- Introduction
- OBJ3
- BOBJ
- CafeOBJ
- Maude
- Systems Built Using OBJ3
- Kumo and the Tatami Project
- CASL and CoFI

"OBJ" refers to the language family, while "OBJ2," "OBJ3", "CafeOBJ," "BOBJ," etc. refer to particular members of the family. The OBJ languages are broad spectrum algebraic programming and specification languages, based on order sorted equational logic, possibly enriched with other logics (such as rewriting logic, hidden equational logic, or first order logic), and providing the powerful module system of parameterized programming (see the paragraph after next).

All the OBJ languages are rigorously based upon a logical system; more
precisely, they are *logical languages*, in the sense that their
programs are sets of sentences in some logical system, and their operational
semantics is given by deduction in that logical system. All recent OBJ
languages use some version of order sorted algebra, which provides a rigorous
basis for user definable sub-types, exception handling, multiple inheritance,
overloading, multiple representations, coercions, and more. They also support
user definable mixfix syntax, user definable execution strategies, rewriting
modulo standard equational theories (A,C,I, and their combinations), and
memoization.

All recent OBJ languages provide *parameterized programming*, with
parameterized modules, module instantiation, views, module expressions, etc.,
to support very flexible program structuring and reuse; see *An Implementation-Oriented Semantics for Module
Composition*, by Joseph Goguen and Will Tracz for much more
information about parameterized programming and software reuse, including a
description of a module composition system for Ada called *Lileanna*.

The module systems of Ada, ML, C++ and Lotos have all been influenced by the OBJ module system; Lotos also uses the initial algebra semantics that was pioneered by OBJ. The OBJ module system ideas are a further development of ideas pioneered in the Clear language, which was joint work of Joseph Goguen and Rod Burstall in the 1970s. The first implementation of initial algebra semantics via term rewriting appeared in the earliest versions of OBJ, from the mid 1970s.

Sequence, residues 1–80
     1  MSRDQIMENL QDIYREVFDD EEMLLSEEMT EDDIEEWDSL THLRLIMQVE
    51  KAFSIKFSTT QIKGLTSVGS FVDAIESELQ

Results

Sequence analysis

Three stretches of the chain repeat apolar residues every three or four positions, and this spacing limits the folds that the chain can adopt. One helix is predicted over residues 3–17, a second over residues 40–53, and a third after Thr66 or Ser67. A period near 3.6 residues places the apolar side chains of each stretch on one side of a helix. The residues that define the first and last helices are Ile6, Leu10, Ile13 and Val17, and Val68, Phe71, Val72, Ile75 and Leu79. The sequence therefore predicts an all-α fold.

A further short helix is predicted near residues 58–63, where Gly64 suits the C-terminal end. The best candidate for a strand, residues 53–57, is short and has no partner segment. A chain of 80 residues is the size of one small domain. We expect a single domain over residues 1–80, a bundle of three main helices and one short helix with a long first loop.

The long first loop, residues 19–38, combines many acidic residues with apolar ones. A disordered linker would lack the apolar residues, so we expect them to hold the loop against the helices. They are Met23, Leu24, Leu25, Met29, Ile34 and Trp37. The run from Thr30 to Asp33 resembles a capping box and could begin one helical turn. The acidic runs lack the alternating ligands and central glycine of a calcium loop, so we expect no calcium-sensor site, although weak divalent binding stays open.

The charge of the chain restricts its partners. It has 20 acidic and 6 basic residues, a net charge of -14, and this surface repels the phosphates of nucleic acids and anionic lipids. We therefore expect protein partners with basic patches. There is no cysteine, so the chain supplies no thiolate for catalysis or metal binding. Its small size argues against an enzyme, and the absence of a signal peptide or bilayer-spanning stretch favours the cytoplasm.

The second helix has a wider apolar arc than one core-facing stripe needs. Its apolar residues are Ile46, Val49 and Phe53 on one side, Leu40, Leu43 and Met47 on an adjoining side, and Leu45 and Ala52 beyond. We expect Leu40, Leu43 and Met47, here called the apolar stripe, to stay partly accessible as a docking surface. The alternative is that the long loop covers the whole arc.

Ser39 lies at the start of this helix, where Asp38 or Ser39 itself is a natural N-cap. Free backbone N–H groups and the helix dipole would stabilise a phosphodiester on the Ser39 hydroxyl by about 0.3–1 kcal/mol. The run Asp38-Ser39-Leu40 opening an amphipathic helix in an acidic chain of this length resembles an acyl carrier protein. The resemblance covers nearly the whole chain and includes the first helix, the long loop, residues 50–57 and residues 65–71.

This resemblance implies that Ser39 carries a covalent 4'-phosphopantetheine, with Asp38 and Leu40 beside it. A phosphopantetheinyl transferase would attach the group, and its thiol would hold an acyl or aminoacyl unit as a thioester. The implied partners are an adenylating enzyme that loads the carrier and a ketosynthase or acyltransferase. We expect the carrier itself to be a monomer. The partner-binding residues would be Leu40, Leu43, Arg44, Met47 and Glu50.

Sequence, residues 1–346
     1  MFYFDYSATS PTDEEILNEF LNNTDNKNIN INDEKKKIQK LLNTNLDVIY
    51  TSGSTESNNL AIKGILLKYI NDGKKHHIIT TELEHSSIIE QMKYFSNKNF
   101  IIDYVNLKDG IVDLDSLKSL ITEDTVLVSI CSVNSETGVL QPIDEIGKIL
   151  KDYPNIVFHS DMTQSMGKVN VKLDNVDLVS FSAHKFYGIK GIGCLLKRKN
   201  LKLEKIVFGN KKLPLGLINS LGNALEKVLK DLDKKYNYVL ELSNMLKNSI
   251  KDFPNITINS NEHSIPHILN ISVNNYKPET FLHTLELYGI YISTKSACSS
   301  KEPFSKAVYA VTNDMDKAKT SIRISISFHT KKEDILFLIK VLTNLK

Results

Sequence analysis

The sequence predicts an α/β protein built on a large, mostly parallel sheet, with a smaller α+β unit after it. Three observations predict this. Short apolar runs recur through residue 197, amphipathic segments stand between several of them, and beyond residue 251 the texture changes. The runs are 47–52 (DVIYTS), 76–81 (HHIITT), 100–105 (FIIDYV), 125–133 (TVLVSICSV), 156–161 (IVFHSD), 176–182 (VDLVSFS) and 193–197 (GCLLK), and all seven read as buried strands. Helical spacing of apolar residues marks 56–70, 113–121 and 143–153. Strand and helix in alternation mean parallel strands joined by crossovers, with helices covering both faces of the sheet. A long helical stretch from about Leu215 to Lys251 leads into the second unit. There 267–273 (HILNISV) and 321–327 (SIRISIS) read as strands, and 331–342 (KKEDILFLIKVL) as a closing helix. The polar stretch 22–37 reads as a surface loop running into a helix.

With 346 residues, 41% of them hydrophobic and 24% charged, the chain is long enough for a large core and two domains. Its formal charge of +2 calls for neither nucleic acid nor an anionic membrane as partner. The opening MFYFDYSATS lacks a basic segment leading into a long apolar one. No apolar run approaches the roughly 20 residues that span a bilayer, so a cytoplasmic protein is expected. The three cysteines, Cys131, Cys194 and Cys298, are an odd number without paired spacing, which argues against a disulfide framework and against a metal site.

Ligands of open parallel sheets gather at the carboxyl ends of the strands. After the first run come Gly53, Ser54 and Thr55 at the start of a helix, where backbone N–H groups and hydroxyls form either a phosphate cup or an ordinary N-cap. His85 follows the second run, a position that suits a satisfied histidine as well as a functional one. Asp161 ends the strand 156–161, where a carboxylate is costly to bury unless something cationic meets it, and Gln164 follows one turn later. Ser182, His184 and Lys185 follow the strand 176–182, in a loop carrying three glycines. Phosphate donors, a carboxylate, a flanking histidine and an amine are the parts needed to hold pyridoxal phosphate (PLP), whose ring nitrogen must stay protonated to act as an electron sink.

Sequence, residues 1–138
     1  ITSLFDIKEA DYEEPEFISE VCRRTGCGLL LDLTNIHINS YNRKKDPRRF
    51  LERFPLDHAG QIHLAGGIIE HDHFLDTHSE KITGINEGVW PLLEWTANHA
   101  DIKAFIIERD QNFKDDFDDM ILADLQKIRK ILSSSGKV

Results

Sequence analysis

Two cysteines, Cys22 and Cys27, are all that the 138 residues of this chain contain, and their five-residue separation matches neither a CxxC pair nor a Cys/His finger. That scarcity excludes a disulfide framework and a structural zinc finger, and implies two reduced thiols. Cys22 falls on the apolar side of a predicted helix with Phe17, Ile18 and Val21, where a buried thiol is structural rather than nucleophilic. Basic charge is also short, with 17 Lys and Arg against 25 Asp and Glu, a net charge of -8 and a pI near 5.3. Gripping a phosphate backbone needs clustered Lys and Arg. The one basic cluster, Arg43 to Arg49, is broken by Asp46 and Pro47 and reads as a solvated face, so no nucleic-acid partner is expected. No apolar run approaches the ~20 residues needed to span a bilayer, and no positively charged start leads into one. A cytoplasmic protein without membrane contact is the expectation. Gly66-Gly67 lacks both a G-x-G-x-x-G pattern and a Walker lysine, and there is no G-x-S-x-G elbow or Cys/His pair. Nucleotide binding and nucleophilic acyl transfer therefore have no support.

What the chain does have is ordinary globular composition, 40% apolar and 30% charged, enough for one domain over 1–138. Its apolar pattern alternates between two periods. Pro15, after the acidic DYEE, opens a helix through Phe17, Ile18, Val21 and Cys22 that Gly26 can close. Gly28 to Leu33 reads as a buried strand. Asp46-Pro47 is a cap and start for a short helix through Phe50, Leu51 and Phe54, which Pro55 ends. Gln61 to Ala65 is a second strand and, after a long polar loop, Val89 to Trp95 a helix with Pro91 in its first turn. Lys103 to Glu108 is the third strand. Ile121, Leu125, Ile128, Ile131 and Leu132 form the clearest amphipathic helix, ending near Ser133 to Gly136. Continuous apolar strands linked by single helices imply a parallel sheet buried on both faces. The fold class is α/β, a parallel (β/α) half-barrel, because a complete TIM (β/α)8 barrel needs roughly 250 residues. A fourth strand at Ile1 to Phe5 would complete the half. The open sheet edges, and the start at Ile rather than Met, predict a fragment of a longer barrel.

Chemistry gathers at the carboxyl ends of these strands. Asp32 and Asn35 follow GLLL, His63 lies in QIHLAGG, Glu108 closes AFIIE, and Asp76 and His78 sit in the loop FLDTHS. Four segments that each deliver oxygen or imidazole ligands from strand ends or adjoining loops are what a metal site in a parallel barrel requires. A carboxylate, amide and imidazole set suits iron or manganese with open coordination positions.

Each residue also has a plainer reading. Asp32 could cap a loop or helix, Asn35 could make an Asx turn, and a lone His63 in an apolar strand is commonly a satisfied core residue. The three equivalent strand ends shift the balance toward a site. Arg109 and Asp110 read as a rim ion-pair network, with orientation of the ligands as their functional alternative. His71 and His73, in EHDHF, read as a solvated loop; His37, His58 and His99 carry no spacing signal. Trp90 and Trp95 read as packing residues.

OBJ3 is based on order sorted equational logic, and has been successfully used for research and teaching in software design and specification, rapid prototyping, theorem proving, user interface design, and hardware verification, among other things. It was the first language to fully implement parameterized programming. Details on OBJ3 may be found in the official OBJ3 manual,

OBJ3 is used in the UCSD core graduate course on programming languages, *CSE 230*. OBJ3 is also used in courses on
the semantics of imperative programs taught at
several universities, including the University of Illinois at Urbana-Champaign
and Oxford, where the original
version of this course can still be found (maybe). The textbook, **Algebraic Semantics of Imperative Programs**, by
Joseph Goguen and Grant
Malcolm, MIT Press, 1997, is used in these courses. A number of comments
on this book may be found in the course notes
for CSE 230.

A detailed discussion of how we used OBJ in teaching appears in *An Executable Course in the Algebraic Semantics of
Imperative Programs*, by Joseph Goguen and Grant Malcolm, in **Teaching and
Learning Formal Methods**, edited by Michael Hinchey and C. Nevill Dean,
Academic Press, 1996, pages 161-179.

Oxford University also used OBJ3 in teaching a course on Theorem
Proving; the course textbook, **Theorem
Proving and Algebra**, by Joseph Goguen is in preparation and will be
published by MIT Press; Chapters 1, 8 and the
references are available over the web. Chapter 1 is the introduction and
Chapter 8 is an elegant algebraic treatment of first order logic, proof
planning and induction.